The limitations of this study cannot be ignored. First, the type of CTNNB1 gene mutation was not included in our study, and several previous studies have confirmed that the type of CTNNB1 gene mutation is also associated with the recurrence of desmoid fibromatosis. There are three types of mutations in the CTNNB1 gene, namely, T41A, S45F, and S45P, among which patients with the S45F mutation have the highest recurrence rate (1, 37, 38). We have tried to find the gross specimens of these patients from our hospital’s tissue sample bank to detect the mutation type of the CTNNB1 gene. Unfortunately, despite our best efforts, we were able to find only a few samples, which were insufficient to study the effect of the mutation type on recurrence. In our ongoing work, we will focus on collecting the gross specimens of patients to detect the mutation type of the CTNNB1 gene in patients and predict RFS more accurately. Second, 80 patients were lost to follow-up out of a total of 385 reviewed patients, and these lost cases may bias the final outcome. Third, this study is a retrospective study, which may produce bias. A prospective investigation would better enhance and validate these results. Fourth, we could not find an available non-Chinese patient cohort to validate the nomogram, even though we validated it on a dataset from another Chinese cancer center. Nevertheless, our findings could still benefit clinical practice because the web-based nomogram can strengthen postoperative monitoring.

In summary, we developed, validated, and visualized a web-based nomogram including age, tumor diameter, and tumor number based on independent risk factors associated with recurrence to predict RFS in patients with DTs. In the future, the use of multiple technologies to further search for biological or clinical markers that predict the recurrence of DTs is a development direction of surgery, such as the combination of radiomics and artificial intelligence to find the imaging characteristics of DT recurrence. The preoperative evaluation of these characteristics can further predict the risk of recurrence to determine the optimal treatment plan.

Data Availability Statement

The raw data supporting the conclusions of this article will be made available by the authors, without undue reservation.

Ethics Statement

The studies involving human participants were reviewed and approved by Tianjin Medical University Cancer Institute & Hospital ethics committee and performed according to the Helsinki declaration. Written informed consent for participation was not required for this study in accordance with the national legislation and the institutional requirements.

Author Contributions

HL drafted the manuscript. KH and YC provided part of data and revised the manuscript. TL, TY, ZL, CZ, LX, YC, and JY revised the manuscript. All authors contributed to the article and approved the submitted version.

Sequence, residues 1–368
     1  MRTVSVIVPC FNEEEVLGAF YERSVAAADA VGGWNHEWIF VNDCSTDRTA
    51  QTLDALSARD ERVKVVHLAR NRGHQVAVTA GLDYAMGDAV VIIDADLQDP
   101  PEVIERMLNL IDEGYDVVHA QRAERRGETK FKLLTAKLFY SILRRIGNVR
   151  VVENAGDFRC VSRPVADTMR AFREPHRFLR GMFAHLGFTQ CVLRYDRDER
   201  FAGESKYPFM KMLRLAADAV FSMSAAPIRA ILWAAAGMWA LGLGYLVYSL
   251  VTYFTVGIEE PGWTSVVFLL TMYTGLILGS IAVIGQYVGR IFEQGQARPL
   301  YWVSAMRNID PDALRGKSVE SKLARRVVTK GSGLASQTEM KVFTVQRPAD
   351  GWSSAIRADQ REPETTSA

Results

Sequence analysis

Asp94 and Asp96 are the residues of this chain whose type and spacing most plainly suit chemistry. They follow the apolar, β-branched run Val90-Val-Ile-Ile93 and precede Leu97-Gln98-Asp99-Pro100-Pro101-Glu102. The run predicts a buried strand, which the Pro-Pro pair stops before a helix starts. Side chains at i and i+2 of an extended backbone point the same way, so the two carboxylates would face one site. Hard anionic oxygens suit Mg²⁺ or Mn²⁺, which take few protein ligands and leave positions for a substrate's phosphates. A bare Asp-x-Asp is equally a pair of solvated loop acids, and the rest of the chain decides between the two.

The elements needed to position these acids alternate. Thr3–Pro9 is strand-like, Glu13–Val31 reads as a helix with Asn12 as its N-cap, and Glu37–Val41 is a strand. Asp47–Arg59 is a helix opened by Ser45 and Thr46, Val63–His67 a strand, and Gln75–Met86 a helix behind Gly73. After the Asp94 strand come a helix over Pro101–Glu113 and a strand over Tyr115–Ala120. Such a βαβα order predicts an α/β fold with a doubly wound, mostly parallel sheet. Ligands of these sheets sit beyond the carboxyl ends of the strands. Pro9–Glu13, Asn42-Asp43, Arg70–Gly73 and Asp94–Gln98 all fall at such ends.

Funding

This work was supported by the Key Nature Science Foundation of Tianjin [18YFZCSY00550 to JY].

Conflict of Interest

The authors declare that the research was conducted in the absence of any commercial or financial relationships that could be construed as a potential conflict of interest.

Acknowledgments

We thank the American Journal Experts (https://www.aje.com/) for the help with the English usage.

Supplementary Material

The Supplementary Material for this article can be found online at: https://www.frontiersin.org/articles/10.3389/fonc.2021.634648/full#supplementary-material

Abbreviations

AUC, areas under the curve; CI, confidence interval; DT, desmoid tumor; HR, hazard ratio; RFS, recurrence free survival; ROC, receiver operating characteristic; SEER, Surveillance, Epidemiology, and End Results.

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Keywords: desmoid tumor, recurrence, prediction, the web-based nomogram, tumor number, validation

Citation: Liu H, Huang K, Li T, Yang T, Liao Z, Zhang C, Xiang L, Chen Y and Yang J (2021) Development, Validation, and Visualization of A Web-Based Nomogram for Predicting the Recurrence-Free Survival Rate of Patients With Desmoid Tumors. Front. Oncol. 11:634648. doi: 10.3389/fonc.2021.634648

Received: 28 November 2020; Accepted: 18 January 2021;
Published: 25 February 2021.

Edited by:

Nicholas Syn, National University of Singapore, Singapore

Reviewed by:

Robert Benjamin, University of Texas MD Anderson Cancer Center, United States
Sam Sedaghat, University Medical Center Schleswig-Holstein, Germany
Chintan Shah, University of Florida, United States
Dirk Grünhagen, Erasmus University Medical Center, Netherlands

Copyright © 2021 Liu, Huang, Li, Yang, Liao, Zhang, Xiang, Chen and Yang. This is an open-access article distributed under the terms of the Creative Commons Attribution License (CC BY). The use, distribution or reproduction in other forums is permitted, provided the original author(s) and the copyright owner(s) are credited and that the original publication in this journal is cited, in accordance with accepted academic practice. No use, distribution or reproduction is permitted which does not comply with these terms.

*Correspondence: Yong Chen, chenyong@fudan.edu.cn; Jilong Yang, yangjilong@tjmuch.com

These authors have contributed equally to this work